Bug of the week

Today we are going to see a case study illustrating a bug. Not a very spectacular one: a typical bug one would encounter in everyday work. We will start with the symptoms, identify the root cause, and suggest measures to prevent similar things from happening in the future. Continue reading

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A conditional copy constructor

In this post we will try to define a ‘wrapper’ class template that does or does not have a copy constructor depending on whether the wrapped class has it. This will be a good opportunity to explore in depth a couple of advanced C++ features. Note that this is a rather advanced topic and, unless you are writing or maintaining a generic library, you will probably never need this knowledge.

The problem

By a wrapper class I mean something like boost::optional<T>. It wraps a value of type T: it is an ‘almost type T’ with some special features. Additionally, as in the case of optional, our wrapper does not inherit from T, nor does it contain a data member of type T.

Our goal is that for any type T the following holds:

std::is_copy_constructible<T>::value ==
std::is_copy_constructible<Wrapper<T>>::value;

Continue reading

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Desired compile-time failures

When new features are proposed to C++ it is desired that they do not introduce breaking changes. This is typically understood as:

  1. Every program that used to compile (was well formed), continues to compile with the same semantics.
  2. A program that failed to compile (was ill-formed), can now be made well formed and assigned new desired semantics.

For instance, the following was an invalid C++03 program:

void feature(std::string s1)
{
  std::string s2 = std::move(s1); // no std::move in C++03
}

Therefore, it is no harm when we make it well formed code in C++11 and assign it some useful semantics. This rule is not followed in 100% of the cases, but this is the idea in general.

However, even though it works in most of the cases, I believe that this criterion of a “safe addition” is not technically correct, as it fails to take into account an important fact: failure to compile certain programs is a useful, important feature, and if these programs suddenly start to compile, it can cause harm. In this post we will go through the cases where compile-time failure is considered a useful feature. Continue reading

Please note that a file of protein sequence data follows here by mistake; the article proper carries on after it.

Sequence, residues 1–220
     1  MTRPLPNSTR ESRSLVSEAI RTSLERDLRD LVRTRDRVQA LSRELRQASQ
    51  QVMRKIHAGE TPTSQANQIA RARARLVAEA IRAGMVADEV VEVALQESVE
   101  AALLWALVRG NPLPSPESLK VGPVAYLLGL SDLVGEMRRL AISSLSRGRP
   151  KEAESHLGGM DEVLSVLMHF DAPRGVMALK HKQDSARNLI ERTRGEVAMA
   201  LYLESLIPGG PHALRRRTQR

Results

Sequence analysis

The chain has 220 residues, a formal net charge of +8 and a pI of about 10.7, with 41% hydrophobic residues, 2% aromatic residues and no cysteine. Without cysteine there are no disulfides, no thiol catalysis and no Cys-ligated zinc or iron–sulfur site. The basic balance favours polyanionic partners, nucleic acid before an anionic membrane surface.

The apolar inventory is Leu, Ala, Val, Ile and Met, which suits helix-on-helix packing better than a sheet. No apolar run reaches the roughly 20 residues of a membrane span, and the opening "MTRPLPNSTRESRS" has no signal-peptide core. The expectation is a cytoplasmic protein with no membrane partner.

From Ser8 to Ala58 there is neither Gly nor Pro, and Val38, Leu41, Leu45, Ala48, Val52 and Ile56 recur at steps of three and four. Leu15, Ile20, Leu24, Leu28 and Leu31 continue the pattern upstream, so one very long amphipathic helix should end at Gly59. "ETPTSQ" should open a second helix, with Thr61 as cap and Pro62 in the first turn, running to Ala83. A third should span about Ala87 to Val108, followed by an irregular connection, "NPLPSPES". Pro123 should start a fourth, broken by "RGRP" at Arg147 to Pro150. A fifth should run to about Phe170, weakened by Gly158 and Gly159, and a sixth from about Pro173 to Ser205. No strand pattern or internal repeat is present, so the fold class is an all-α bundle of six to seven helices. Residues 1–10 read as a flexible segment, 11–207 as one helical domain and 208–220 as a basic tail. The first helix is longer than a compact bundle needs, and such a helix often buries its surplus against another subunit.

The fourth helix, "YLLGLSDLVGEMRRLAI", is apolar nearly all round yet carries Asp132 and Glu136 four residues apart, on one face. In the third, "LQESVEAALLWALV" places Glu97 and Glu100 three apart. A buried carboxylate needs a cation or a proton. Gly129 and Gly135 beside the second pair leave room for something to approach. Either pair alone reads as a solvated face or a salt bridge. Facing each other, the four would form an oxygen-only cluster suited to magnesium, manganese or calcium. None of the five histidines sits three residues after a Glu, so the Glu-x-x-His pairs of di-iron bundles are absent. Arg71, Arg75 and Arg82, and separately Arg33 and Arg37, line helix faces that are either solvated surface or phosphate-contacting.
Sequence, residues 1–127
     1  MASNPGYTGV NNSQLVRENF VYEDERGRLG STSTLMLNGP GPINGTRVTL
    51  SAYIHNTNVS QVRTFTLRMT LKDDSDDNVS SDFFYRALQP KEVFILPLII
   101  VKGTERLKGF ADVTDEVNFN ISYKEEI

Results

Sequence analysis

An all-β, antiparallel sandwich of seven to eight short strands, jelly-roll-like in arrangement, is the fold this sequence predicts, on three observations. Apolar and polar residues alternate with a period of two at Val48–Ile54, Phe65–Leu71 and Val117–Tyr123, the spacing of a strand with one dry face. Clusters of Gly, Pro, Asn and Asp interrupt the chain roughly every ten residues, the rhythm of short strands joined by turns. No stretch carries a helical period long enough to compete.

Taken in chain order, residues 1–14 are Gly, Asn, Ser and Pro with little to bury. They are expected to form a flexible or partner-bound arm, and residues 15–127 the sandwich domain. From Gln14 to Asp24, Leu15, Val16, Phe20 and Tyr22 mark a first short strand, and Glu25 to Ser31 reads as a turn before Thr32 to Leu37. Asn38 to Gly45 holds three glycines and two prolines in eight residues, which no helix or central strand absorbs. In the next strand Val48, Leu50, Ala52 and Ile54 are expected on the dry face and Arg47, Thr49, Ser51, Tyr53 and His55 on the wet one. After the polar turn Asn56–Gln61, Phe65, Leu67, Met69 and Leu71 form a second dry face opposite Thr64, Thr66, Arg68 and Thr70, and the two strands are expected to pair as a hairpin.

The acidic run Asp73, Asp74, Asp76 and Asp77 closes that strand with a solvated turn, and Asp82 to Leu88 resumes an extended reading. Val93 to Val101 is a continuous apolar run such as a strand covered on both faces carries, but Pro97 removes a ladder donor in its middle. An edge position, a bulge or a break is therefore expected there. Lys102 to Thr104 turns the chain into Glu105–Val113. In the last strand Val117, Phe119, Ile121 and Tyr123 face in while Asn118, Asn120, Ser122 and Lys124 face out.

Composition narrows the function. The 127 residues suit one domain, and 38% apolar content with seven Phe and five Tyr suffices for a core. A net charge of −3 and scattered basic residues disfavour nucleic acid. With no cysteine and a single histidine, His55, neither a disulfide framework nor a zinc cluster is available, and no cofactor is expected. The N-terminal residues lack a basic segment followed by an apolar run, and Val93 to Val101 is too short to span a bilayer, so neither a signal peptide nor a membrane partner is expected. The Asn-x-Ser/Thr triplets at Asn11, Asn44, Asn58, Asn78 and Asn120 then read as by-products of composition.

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Defensive programming

Have you ever asked yourself, or participated in a discussion on whether “defensive programming”is a good or a bad thing? The issue is controversial, and recently, while watching talk “Defensive Programming Done Right, Part I” by John Lakos, I realized (I think) why. Term “undefined behavior” means different things to different people. Continue reading

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Using assertions

This post is a response to my recent encounters with fellow programmers who appear to me to be missing the point of assertions and fail to appreciate their usefulness. The first post I have ever written here was on assertions, I still find it good, so there is no need to repeat it; here I will only describe how I observe people treat assertions and why I believe it is wrong. Continue reading

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A gotcha with ptr_vector

Recently I came across an interesting gotcha with Boost.Pointer Container library in my project. Making some incorrect assumptions as to what the library does could cause a bug.

What would you use boost::ptr_vector for? Why would you need to have a vector of pointers, which you want to delete yourself? Is it because:

  1. You want the objects to remain at the same address even if you re-allocate the array under the vector?
  2. You want to inter-operate with a library that already deals with owing pointers?
  3. You want it to be faster than if you were storing values in std::vector?
  4. You want the “polymorphic behavior” of your objects?

If your reason is (1) or (2) and you are not concerned with performance too much, you would probably do the right thing.

If your reason is (3), it is likely that you would be picking the slower solution. But do not trust me on that: measure the two solutions and check if ptr_vector is really faster.

If your reason is (4) and your familiarity with ptr_vector is superficial (as was mine when writing this post), it is likely that you would be implementing a bug. In this post we will be exploring this use case. Continue reading

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A gotcha with Optional

This post is about one gotcha in Boost.Optional library. When starting to use it, you might get the impression that when you try to put optional<T> where T is expected, you will get a compile-time error. In most of the cases it is exactly so, but sometimes you may get really surprised. Continue reading

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